DMA, or Direct Memory Access, was designed to rid computer architectures of the performance problems associated with sending all memory IO requests through the CPU. It's yet another instance of the convenience versus security trade-off.
Most OSes in use today are monolithic kernels, which when juxtaposed to their evolved cousins, microkernels, it becomes apparent the differences of trust models used within each. Monolithic kernels are like DMA, they make a convenience over security trade-off; system drivers and services run in kernel mode for convenient access to each other's data (which is scary if one of those is corrupted and taken over by an adversary, or adversary's malicious code). Microkernels, on the other hand, do not make that trade-off; all IPC (inter process communication) is routed the long way around while all drivers and services run in userland-- not privileged memory space. One example is MINIX, an academic OS with a microkernel design.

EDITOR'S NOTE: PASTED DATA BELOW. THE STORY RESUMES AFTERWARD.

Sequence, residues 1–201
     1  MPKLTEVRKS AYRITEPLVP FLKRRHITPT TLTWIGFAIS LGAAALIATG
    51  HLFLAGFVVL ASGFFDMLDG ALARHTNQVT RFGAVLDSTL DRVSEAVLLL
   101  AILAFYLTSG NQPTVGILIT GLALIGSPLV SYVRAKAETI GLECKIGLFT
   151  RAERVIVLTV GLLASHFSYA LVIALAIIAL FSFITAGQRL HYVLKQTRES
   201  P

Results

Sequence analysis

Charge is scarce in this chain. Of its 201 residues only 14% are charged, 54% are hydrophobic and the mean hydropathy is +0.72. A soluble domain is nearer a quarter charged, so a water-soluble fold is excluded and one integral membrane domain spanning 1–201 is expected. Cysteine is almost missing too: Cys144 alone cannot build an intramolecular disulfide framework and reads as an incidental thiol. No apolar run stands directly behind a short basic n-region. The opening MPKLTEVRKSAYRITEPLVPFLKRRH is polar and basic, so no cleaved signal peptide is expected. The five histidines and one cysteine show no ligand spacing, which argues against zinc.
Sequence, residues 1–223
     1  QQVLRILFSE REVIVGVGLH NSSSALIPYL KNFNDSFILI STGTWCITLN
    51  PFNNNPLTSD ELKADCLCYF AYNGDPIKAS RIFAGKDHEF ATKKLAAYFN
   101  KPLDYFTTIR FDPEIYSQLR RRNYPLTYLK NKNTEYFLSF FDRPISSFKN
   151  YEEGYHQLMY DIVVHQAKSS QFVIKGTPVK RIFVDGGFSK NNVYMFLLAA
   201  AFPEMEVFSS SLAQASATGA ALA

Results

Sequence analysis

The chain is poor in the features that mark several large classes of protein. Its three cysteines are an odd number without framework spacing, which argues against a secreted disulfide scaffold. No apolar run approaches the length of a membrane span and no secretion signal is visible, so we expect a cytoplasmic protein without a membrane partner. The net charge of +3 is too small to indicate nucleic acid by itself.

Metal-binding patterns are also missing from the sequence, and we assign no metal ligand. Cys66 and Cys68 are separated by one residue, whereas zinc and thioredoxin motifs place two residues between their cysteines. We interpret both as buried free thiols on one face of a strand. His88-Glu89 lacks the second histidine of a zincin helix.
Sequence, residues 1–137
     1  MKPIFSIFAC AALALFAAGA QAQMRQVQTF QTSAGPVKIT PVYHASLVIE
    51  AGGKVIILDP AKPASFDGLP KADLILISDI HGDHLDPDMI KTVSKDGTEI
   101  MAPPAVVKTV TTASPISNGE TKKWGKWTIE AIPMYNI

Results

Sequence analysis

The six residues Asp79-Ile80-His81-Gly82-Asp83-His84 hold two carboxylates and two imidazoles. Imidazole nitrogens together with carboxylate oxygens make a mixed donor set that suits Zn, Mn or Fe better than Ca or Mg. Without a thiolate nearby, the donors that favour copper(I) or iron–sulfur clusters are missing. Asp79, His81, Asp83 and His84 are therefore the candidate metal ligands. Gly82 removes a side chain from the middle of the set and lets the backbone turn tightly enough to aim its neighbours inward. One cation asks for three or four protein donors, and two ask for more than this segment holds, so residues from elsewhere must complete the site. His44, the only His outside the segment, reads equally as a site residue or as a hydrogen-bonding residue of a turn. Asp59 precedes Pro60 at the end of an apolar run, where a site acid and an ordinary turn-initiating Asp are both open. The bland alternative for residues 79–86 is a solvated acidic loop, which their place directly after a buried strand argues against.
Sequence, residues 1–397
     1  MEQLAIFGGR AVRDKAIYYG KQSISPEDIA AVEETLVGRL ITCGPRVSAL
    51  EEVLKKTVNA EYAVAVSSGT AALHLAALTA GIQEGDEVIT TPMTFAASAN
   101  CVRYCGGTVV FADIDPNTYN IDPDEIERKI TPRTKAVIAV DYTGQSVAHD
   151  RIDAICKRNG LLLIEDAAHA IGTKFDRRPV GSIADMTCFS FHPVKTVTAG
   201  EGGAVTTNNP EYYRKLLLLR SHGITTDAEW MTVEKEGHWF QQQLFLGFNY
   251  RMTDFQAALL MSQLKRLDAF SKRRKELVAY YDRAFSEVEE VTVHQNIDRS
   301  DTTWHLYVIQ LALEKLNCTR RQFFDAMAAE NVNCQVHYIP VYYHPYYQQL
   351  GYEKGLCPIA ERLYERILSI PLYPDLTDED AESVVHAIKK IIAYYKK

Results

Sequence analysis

Microkernels and IOMMU go hand in hand, as both are attempting to address trust at the foundational levels, IOMMU at the hardware layer and Microkernels at the OS (control/allocation of hardware) layer.
Joanna Rutkowska is a security researcher who focuses on security issues closer to the hardware than most attacks, such as kernel fundamentals that may or may not lead to rootkits. What Joanna has pointed out, is not unpredictable to Operating System researchers. From Joanna's Blog:
I must say really like the design of MINIX3, which keeps all the drivers (and other system components) in usermode, in separated address spaces. This is, however, still problematic today, as without IOMMU we can’t really fully protect kernel from usermode drivers, because of the potential DMA attacks – i.e. a driver can setup a DMA write-transaction to overwrite some part of the micro kernel memory, thus owning the system completely. But I guess we will all have processors supporting IOMMU within the next 1-2 years.The important thing to note here, is not necessarily that the OS an enterprise chooses for critical computing should change to MINIX3 (although maybe it should), but rather: until there are proficient controls to ensure the trustworthiness of the foundational levels of computing, worrying about the trustworthiness of everything that runs on top of the foundation is pointless. To quote Schneier: "security is a chain; it's only as strong as its weakest link."